A week ago today I planted seeds as an act of prayer. It wasn’t my idea, these seeds of hope. I was too far in the dark. I am too used to killing off plants. I took this little pot and put it on the window. I would have told you that I forgot about it but I must have been looking at it every day because I noticed when it sprouted. My seeds of hope sprouted. There are four of them now, and they keep getting taller.

I am not fully healed. I think I am headed in the right direction but there is still some work to be done, some blood tests, some checking in, probably some therapy. But there are seeds of hope. I can sort out the thoughts as helpful and not. I can take my kids Easter dress shopping. I can do my assignments without talking myself down. These are all good things. I can nurture this grace that is growing inside of me. I can feel it growing. I am working my way toward whole.


9 thoughts on “On being whole and taking Prozac

  1. This makes me really–happy isn’t exactly the word. I need more of a word where I see someone taking a step towards light and warmth and I’m reminded of how much courage we all need in this tough world, and also how much courage there is out there in all of our lives, because people are incredibly brave, including you. I need a word for that to say to you. Way to take care of yourself Abby. I’ve only met you once but it’s pretty awesome to see so much life packed into one person. Those voices you hear about failure clearly do not actually know you (I mean, even if you failed out of school, I am sure you’d do it spectacularly and with a darn good story to tell at the end.) I’m cheering you on.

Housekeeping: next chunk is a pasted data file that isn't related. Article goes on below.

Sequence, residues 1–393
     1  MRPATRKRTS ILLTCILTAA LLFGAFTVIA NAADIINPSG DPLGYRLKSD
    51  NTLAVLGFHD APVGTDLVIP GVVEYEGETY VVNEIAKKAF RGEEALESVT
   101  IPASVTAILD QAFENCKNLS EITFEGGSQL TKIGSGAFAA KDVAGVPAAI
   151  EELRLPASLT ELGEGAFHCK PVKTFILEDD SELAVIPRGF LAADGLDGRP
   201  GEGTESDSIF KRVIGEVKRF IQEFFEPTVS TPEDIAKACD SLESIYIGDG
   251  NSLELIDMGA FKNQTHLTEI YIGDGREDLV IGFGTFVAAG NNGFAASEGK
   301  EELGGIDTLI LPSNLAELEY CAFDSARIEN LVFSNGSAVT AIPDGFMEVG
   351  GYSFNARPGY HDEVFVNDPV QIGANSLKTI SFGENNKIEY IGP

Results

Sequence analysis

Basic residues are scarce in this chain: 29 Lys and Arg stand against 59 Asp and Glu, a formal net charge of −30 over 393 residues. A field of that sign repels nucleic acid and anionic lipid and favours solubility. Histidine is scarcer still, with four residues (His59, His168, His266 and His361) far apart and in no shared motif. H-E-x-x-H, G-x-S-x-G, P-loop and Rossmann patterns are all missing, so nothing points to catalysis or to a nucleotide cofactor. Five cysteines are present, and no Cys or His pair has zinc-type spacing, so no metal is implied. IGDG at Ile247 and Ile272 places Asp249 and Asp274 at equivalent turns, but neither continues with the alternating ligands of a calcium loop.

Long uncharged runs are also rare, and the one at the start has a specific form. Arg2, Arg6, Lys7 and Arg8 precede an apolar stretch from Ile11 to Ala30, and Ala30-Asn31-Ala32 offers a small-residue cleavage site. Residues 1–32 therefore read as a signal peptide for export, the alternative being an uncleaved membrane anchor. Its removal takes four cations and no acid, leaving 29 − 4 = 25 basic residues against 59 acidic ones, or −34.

• “If women ran the government, there would be no wars of aggression. Women, for obvious reasons, have no need to prove how big their â€e˜uqipment’ can be.”I don’t know that Margaret Thatcher would agree with this. Although at the time of the Falklands war there was speculation in Argentina that she never wore short skirts because her balls would show…

  2. I’m sitting in my office crying. Because your story is also my story. Your ache and your bravery is healing, a jolt of inspiration and hope. Abby, love, your quest for wholeness will heal you and so many more. You are a warrior. ❤

  3. Like manna from heaven! You are so brave for sharing and baring yourself so candidly about something which so many feel shame. I believe that this will help others find the courage to do the same. Welcome Spring… with your sprouts and your ceaseless march toward progress. ❤

  4. You are surely enough. Get the therapy. Take the prozac snd be gentle with yourself. You are an incredibly talented woman and a wonderful wife and mother. There is fear and there is love. Continue to choose love for you, and it will follow for those around you. Sending prayers for strength and insight and wisdom. You’re already well on your way to these things. Love you. Cheryl

  5. I’m glad. Every time you have posted about your depression I’ve been kind of worried. I’m so glad you’re getting help and finding something that might work.